By Mitchell Clarke
Statistics from a Department of Environment, Land, Water and Planning (DELWP) report has indicated the townships of Bunyip and Garfield are set for a population boom, with a forecasted 10,000 people set to flock to the small towns by 2036.
Closer in, the suburbs of Beaconsfield and Officer will feel the squeeze when the population will increase by 3.6 percent, from 13,612 to 49,252 people.
But the statistics are of concern to some Bunyip residents, who already feel that Cardinia Shire Council is “forever ignoring the outer towns” and focusing on the booming suburbs of Officer and Pakenham.
“They could not care less about the country towns and have said it to people’s face in town when they meet to discuss wanting to get things done,” one Bunyip resident said.
“It’s always the same answers, ‘we don’t have any money, you’re not a priority and we have Pakenham and Officer to worry about’.”
Making particular reference to the state of the roads, the resident took to a Facebook community noticeboard to vent her frustrations, questioning what their rates went towards.
“We have to clean out our own open cut drains, our roads are pathetic – all except that court that is sealed regularly and looked after because a councillor lives there, otherwise we don’t see you much,” she said.
“All they’d need to do is send the grader once a month or six weeks to do the roads and they would stay in good shape but they leave them months and ignore the complaints.
“Residents write emails, call, fill out the form online and nothing happens, nothing changes.”
She claims that even when a road is sealed, it’s not done properly which means potholes continuously appear.
“I’m happy to live on my dirt road, we chose to, that’s fine, but when our kids safety is compromised because council prefer to build nice, big new council buildings regularly, instead of looking after our town and the towns around us, it’s past old, sort your stuff out.”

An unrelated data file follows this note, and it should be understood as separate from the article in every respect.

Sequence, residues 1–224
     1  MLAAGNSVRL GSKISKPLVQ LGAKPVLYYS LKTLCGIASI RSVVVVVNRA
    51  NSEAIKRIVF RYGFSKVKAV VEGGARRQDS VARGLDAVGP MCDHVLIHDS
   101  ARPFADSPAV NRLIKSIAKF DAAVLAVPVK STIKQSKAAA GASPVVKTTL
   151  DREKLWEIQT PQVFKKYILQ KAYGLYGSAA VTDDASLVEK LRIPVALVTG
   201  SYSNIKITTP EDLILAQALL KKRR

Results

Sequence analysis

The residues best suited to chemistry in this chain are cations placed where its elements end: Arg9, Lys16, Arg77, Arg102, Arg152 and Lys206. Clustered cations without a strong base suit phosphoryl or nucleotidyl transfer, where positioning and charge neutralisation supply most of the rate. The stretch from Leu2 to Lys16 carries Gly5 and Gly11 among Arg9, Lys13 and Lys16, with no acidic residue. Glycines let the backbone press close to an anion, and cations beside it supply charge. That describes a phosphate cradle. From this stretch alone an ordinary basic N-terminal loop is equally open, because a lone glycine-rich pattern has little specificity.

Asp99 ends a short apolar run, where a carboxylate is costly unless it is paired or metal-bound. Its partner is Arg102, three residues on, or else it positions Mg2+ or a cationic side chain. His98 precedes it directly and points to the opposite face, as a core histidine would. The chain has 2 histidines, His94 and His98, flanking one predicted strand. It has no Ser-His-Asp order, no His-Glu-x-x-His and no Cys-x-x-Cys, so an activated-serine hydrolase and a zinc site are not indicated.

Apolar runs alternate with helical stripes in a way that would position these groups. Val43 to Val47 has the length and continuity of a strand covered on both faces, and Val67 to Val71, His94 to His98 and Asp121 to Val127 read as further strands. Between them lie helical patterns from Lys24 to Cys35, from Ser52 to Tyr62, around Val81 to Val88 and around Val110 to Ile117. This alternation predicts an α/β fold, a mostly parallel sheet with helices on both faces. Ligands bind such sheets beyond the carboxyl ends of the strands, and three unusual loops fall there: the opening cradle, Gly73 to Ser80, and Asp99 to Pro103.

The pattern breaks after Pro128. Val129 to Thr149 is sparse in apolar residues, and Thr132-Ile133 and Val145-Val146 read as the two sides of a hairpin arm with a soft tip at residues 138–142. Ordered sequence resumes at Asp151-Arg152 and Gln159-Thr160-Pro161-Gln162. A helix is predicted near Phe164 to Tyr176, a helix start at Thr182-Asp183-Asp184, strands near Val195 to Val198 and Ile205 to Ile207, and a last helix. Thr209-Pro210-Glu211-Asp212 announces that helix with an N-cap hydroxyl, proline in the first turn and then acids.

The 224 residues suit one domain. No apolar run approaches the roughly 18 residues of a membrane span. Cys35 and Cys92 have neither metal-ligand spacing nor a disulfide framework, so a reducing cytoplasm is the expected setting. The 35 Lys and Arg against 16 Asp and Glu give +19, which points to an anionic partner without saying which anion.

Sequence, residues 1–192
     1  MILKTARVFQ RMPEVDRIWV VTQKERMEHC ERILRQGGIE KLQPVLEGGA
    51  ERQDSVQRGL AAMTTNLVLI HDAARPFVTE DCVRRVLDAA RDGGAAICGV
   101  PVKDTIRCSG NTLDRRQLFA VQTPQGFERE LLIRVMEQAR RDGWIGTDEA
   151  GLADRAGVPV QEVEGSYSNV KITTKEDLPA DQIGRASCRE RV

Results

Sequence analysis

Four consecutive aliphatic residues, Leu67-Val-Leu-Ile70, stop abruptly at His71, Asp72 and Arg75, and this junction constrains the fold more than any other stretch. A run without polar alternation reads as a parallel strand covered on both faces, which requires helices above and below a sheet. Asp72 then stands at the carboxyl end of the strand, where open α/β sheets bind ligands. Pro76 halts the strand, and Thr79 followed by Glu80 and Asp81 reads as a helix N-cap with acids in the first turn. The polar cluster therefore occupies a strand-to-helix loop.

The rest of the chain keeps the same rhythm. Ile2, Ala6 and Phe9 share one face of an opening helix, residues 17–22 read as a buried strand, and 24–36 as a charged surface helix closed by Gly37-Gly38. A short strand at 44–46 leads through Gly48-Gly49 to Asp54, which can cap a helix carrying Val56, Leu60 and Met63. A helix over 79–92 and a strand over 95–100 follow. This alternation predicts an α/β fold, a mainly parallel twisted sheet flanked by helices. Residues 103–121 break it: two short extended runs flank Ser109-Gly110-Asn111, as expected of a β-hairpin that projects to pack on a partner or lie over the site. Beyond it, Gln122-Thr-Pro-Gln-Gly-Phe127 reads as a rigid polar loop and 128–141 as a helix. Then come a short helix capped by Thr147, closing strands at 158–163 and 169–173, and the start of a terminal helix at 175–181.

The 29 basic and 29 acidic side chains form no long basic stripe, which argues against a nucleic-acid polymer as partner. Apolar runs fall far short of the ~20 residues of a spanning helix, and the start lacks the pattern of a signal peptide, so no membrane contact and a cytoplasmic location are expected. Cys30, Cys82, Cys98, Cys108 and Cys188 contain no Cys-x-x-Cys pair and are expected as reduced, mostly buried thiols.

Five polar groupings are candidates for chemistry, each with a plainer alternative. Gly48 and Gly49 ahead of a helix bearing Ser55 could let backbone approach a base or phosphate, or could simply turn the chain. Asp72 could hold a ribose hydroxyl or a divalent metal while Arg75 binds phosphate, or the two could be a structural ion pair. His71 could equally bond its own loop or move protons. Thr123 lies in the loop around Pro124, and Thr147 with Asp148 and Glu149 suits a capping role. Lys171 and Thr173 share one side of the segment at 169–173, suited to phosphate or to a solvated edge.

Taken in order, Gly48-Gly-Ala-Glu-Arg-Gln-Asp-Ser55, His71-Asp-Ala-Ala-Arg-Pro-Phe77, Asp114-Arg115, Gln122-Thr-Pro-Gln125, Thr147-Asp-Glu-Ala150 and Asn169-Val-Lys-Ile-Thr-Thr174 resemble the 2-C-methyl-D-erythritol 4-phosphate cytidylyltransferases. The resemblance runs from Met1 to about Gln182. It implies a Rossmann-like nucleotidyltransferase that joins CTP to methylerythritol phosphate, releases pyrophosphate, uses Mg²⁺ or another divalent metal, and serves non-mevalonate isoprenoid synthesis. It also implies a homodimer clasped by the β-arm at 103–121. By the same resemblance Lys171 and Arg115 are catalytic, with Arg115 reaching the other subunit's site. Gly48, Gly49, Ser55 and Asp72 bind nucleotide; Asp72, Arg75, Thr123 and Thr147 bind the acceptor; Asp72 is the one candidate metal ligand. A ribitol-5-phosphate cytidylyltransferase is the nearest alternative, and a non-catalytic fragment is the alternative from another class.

Council said they understood that sometimes residents living or travelling on unsealed roads can get frustrated with the condition of the road.
“Unsealed roads are heavily impacted by weather, drainage, speed limits, road gradient, traffic volumes and driving behaviour,” general manager infrastructure and environment Peter Benazic said.
“Weather in particular can cause rapid deterioration of significant parts of the network at the same time, and while council tries to address all issues as quickly as possible, it does take some time to rectify defects when they are widespread.
“As a shire with a mix of rural and metropolitan areas and a growing population and road network, there is ever-increasing pressure to keep the road network in shape. This is why we recently dedicated $25 million to our Strategic Sealed Roads Project.”
But residents claim the council make an appearance, does one road and then leaves.
“The issue is all they do is fluff up the top layer of road and it’s just dirt, so it just sinks back into the previous holes within a week,” the resident said.
“If they actually inspected the roads a week later they would understand why we are all so angry about it.”
The Gazette understands a number of roads in Bunyip were graded in September with a grader working in the area every week of the month.
Locals have reported that Riverside Avenue was one of the roads which recently received attention but it’s believed potholes are again forming.
Cardinia Shire Council maintains 863kms of unsealed roads and 670kms of sealed roads across the shire, investing more than $6.5 million annually in maintaining local unsealed roads.
Works to refurbish Doran Road and Thomas Street have now concluded.
“The unsealed road maintenance schedule is carefully prepared according to the current conditions and forecasts, which are based on road service and performance history data,” Mr Benazic said.
“Roads that are used more often are graded more, and those roads that have fewer cars are graded less often.”
Meanwhile, the full length of Evans Road in Bunyip will be sealed under the Strategic Sealed Roads Project.
Shire residents are able to check the fortnightly maintenance schedule by visiting https://www.cardinia.vic.gov.au/roadmaintenanceschedule.